Frontend development is currently contending with two crises simultaneously: the bewilderingly rapid increase in the complexity of our toolkit, and facing up to the fact that much of the software we write is brittle, bloated, and broken. While these are often conflated, we need to recognize that sometimes there is a balance between the two of them.
In which I rant about how government, the press, and social media have shaped our view of a global threat, and created an insane response.
Distributed computing, formerly the province of academics, comes into the browser uninvited.
Is there something virtuous in the skepticism that allows one to persist in the belief that the world is flat? The answer is no.
When I began working a freelancer last year, I knew I wanted to use an agile approach to build apps for my clients, even if they were small projects. As there are limited resources for agiling independently, I thought I would write about my experience for others to use.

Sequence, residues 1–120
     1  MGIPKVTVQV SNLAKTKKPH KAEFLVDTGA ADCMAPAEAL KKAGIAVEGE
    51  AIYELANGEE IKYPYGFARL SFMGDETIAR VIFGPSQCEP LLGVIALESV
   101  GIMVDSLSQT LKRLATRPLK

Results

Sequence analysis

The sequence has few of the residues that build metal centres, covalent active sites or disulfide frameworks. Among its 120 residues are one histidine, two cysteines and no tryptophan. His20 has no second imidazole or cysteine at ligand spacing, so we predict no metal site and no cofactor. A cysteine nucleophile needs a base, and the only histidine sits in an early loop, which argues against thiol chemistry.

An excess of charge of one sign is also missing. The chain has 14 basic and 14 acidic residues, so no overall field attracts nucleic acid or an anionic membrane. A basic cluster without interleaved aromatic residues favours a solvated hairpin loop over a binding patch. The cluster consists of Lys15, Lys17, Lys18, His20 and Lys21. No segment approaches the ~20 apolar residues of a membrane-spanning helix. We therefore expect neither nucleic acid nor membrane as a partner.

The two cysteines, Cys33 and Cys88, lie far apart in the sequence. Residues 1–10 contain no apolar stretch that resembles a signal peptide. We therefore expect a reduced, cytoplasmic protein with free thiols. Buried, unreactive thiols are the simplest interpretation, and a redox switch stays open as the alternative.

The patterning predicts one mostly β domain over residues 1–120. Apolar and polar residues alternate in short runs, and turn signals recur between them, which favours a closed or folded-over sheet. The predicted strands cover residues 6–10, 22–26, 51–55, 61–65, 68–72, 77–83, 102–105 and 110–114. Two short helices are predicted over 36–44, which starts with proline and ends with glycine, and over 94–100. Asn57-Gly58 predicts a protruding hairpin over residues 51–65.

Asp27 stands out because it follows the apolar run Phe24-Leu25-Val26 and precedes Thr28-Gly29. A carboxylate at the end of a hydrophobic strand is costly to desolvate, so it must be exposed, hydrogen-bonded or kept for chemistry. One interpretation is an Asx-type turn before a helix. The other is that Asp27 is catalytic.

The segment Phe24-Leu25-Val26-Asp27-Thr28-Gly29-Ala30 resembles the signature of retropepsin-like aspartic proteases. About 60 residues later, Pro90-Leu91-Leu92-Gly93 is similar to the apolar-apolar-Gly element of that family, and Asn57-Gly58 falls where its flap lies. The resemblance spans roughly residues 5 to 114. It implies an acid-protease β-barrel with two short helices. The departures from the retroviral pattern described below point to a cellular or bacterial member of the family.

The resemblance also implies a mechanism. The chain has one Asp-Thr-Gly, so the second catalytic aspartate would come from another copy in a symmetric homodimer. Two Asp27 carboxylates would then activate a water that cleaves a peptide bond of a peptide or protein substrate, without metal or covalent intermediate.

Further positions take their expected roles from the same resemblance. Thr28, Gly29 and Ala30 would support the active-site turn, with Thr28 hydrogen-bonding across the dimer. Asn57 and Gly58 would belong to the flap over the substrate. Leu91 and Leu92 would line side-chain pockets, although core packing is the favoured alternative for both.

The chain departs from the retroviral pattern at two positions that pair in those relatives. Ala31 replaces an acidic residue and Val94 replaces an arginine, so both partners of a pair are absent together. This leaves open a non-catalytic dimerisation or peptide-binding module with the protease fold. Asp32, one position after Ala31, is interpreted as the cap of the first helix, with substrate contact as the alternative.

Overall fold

React requires a barrier to entry to get started with, that dropping a script tag on a page does not. Or so the common wisdom goes.
Say you have a blog that talks about science or data on a regular basis. What do you do?
I've been working on a large-scale React-Redux project for several months now. React is not a framework and so it doesn't enforce a particular way of grouping related code or related files, code style or organization. I've been thinking about what it means to provide forward-maintainability in this type of codebase and how we can make our code understandable to other human beings.